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The Open-Source Information Retrieval Reproducibility Challenge

There's a general consensus in the information retrieval community that open-source search engines help enhance dissemination of results and support reproducibility. There's also general agreement that reproducibility is "a good thing". This issue has received some attention recently, including a dedicated track at ECIR 2015. However, we as a community still have a long way to go.

The goal of this project is to tackle the issue of reproducible baselines. This is a more difficult challenge than it seems. Just to provide two examples: Mühleisen et al. (2014) reported large differences in effectiveness across four systems that all purport to implement BM25. Trotman et al. (2014) pointed out that BM25 and query likelihood with Dirichlet smoothing can actually refer to at least half a dozen different variants; in some cases, differences in effectiveness are statistically significant. Given this state of affairs, how can we confidently report comparisons to "baselines" in our papers when even the baselines themselves are ill-defined? Indeed, Armstrong et al. (2009) point to the issue of weak baselines as the reason why ad hoc retrieval techniques haven't really been improving.

This project started as part of the SIGIR 2015 Workshop on Reproducibility, Inexplicability, and Generalizability of Results (RIGOR), where we will report our initial findings.


The purpose of this exercise is to invite the developers of open-source search engines to provide reproducible baselines of their systems in a common environment on Amazon's EC2 so that the community can have a better understanding of the effectiveness and efficiency differences of various baseline implementations. All results will be archived for future reference by the community. This archive is specifically designed to address the following scenarios:

  1. I want to evaluate my new technique X. As a baseline, I'll use open-source search engine Y. Or alternatively, I'm building on open-source search engine Y, so I need a baseline anyway.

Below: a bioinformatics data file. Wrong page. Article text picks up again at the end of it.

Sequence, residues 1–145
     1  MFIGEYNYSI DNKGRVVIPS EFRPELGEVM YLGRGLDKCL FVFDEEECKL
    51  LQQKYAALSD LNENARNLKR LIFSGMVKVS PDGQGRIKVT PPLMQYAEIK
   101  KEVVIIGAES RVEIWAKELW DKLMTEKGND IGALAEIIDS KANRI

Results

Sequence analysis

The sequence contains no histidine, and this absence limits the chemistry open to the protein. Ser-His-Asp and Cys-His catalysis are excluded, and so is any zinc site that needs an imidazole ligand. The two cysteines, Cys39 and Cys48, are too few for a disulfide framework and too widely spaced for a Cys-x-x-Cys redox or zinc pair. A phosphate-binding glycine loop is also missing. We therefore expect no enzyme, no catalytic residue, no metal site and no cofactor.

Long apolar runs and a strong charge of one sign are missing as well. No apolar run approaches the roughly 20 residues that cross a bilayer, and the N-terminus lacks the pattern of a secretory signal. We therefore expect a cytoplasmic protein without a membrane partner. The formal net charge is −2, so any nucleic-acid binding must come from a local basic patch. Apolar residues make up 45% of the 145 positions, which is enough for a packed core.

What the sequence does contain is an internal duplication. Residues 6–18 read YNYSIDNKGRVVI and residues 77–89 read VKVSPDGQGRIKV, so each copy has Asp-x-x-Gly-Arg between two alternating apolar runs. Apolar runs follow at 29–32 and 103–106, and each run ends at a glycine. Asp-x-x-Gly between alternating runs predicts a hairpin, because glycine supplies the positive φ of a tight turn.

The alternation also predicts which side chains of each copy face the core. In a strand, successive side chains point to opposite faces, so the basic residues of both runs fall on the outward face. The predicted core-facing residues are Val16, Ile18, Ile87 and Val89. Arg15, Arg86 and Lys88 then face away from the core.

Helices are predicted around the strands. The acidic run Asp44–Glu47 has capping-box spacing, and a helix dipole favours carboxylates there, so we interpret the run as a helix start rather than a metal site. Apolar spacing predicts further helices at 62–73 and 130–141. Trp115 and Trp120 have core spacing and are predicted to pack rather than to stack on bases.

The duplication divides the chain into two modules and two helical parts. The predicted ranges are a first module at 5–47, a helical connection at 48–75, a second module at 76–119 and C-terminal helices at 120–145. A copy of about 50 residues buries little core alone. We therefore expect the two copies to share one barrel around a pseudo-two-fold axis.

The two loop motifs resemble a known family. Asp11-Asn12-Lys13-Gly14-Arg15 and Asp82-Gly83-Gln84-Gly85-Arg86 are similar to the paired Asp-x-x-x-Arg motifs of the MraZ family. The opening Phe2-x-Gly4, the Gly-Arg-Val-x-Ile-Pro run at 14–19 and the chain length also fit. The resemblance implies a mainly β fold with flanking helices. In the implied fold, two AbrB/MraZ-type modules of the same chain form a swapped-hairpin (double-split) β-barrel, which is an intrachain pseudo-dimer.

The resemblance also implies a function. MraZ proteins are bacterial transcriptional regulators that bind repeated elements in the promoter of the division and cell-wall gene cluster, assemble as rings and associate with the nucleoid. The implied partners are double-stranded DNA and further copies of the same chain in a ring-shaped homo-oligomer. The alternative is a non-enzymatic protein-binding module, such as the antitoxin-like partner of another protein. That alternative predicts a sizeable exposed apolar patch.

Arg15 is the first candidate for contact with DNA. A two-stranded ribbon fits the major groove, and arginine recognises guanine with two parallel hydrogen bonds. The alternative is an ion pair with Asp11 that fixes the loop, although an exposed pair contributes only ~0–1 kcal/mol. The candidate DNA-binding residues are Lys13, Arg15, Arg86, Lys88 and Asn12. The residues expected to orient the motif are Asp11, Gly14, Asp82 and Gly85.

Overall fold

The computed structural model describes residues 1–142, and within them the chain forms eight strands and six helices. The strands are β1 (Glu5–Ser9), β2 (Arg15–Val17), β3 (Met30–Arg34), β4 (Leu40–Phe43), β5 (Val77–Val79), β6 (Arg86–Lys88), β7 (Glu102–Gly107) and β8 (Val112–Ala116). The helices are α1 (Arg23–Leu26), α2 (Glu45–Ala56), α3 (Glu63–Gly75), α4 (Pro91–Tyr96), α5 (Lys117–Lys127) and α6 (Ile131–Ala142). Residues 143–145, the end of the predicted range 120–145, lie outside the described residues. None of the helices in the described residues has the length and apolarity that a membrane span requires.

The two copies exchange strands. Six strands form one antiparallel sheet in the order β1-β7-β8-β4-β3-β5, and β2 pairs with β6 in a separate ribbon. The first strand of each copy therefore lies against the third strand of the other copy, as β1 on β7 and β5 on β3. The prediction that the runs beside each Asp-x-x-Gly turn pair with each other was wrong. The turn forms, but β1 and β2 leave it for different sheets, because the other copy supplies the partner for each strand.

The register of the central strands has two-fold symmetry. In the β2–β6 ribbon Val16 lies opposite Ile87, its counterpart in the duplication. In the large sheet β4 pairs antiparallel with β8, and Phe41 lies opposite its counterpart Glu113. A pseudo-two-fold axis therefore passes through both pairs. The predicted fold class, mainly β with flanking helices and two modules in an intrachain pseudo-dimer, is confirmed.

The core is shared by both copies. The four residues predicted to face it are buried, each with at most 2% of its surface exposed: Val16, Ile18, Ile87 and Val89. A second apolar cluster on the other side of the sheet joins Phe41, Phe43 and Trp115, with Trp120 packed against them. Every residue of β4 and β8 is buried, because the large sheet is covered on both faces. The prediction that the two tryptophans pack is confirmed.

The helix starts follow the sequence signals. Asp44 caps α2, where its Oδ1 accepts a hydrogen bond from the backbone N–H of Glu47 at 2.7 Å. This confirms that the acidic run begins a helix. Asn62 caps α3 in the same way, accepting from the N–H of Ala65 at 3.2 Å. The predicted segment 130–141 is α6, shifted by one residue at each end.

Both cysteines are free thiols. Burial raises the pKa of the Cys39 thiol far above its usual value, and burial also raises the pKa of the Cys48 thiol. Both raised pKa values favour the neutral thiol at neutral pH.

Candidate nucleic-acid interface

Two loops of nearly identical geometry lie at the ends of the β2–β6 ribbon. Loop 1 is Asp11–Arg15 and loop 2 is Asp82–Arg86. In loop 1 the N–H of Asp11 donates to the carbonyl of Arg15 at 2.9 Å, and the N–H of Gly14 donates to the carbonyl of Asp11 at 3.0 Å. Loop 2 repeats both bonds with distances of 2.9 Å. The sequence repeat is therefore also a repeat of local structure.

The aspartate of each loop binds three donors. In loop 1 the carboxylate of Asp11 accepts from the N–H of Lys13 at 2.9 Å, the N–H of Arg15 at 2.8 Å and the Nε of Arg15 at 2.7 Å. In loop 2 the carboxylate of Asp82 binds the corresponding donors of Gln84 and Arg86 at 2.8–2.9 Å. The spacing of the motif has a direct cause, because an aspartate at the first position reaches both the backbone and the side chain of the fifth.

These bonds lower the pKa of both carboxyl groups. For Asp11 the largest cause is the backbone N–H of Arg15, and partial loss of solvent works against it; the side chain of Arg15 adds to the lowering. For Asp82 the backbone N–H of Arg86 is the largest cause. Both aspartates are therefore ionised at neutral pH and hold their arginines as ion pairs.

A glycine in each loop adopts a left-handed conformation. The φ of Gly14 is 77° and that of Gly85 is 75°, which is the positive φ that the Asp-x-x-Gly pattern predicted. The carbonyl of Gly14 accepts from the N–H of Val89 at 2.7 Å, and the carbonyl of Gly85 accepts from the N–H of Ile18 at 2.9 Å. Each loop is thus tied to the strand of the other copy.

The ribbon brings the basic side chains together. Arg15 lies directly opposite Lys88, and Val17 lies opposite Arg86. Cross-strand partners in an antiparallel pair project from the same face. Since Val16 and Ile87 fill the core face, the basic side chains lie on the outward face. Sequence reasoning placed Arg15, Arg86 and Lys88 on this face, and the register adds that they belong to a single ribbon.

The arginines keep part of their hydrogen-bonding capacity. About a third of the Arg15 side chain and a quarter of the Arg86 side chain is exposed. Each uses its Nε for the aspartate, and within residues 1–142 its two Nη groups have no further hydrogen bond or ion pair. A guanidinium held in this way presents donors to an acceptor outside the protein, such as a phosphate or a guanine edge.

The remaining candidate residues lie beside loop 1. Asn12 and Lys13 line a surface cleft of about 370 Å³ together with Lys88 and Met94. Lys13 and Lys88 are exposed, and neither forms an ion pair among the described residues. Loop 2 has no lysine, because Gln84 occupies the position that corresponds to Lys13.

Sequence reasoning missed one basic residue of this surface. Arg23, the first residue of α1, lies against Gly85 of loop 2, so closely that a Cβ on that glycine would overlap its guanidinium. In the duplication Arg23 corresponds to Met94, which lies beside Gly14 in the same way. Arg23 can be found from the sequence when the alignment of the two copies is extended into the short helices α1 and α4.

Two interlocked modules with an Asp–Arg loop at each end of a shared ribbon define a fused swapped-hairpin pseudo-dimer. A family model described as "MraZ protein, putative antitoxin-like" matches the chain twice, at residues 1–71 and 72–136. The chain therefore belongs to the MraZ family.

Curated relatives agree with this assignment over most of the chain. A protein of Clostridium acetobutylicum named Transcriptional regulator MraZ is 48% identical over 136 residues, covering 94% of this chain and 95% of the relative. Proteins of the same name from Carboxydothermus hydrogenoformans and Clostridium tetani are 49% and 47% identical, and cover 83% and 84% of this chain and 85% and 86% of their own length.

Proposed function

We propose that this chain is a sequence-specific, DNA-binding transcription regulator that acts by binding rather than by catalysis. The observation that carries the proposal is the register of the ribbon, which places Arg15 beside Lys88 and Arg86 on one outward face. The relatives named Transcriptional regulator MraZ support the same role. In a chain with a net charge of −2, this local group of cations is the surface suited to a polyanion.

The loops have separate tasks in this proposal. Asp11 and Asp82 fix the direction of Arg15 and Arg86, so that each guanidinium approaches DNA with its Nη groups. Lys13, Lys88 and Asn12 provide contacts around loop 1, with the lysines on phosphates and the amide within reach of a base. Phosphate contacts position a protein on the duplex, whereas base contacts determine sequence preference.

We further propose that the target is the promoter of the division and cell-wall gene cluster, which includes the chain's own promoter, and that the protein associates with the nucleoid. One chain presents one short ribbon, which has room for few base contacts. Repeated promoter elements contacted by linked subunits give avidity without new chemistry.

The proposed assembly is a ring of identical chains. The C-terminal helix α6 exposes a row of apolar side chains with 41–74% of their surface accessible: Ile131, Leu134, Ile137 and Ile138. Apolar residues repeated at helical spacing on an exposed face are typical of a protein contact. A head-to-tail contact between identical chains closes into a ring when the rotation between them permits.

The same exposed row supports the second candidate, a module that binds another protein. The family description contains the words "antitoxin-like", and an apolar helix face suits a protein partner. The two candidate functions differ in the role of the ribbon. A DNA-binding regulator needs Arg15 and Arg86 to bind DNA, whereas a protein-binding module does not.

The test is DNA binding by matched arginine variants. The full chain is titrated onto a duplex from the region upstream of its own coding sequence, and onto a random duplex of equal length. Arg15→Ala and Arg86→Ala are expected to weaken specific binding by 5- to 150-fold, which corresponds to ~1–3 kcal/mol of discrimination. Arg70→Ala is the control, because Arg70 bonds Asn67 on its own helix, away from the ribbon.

2. How do I know what's a "reasonable" result for system Y on test collection Z? What settings should I use? (Which stopwords list? What retrieval model? What parameter settings? Etc.) How do I know if I've configured system Y correctly?

  3. Correspondingly, as a reviewer of a paper that describes technique X, how do I know if the baseline is any good? Maybe the authors misconfigured system Y (inadvertently), thereby making their technique "look good" (i.e., it's a weak baseline).

As a result of this exercise, researchers will be able to go to this resource, and for a number of open-source search engines, they'll learn how to reproduce (through extensive documentation) what the developers of those systems themselves consider to be a reasonable baseline.

Similarly, reviewers of papers will be able to consult this resource to determine if the baseline the authors used is reasonable or somehow "faulty".

Another anticipated result of this exercise is that we'll gain a better understanding of why all these supposed "baselines" are different. We can imagine a system-by-feature matrix, where the features range from stemming algorithm to HTML cleaning technique. After this exercise, we'll have a partially-filled matrix, from which we'll be able to hopefully learn some generalizations, for example (completely hypothetical): HTML cleaning really makes a big difference, up to 10% in terms of NDCG; which stemming algorithm you use (Krovetz vs. Porter, etc.) doesn't really matter; etc.


T. Armstrong, A. Moffat, W. Webber, J. Zobel. Improvements That Don't Add Up: Ad-Hoc Retrieval Results Since 1998. CIKM 2009, pages 601-610.

H. Mühleisen, T. Samar, J. Lin, and A. de Vries. Old Dogs Are Great at New Tricks: Column Stores for IR Prototyping. SIGIR 2014, pages 863-866.

A. Trotman, A. Puurula, and B. Burgess, Improvements to BM25 and Language Models Examined. ADCS 2014.


Open-Source Information Retrieval Reproducibility Challenge






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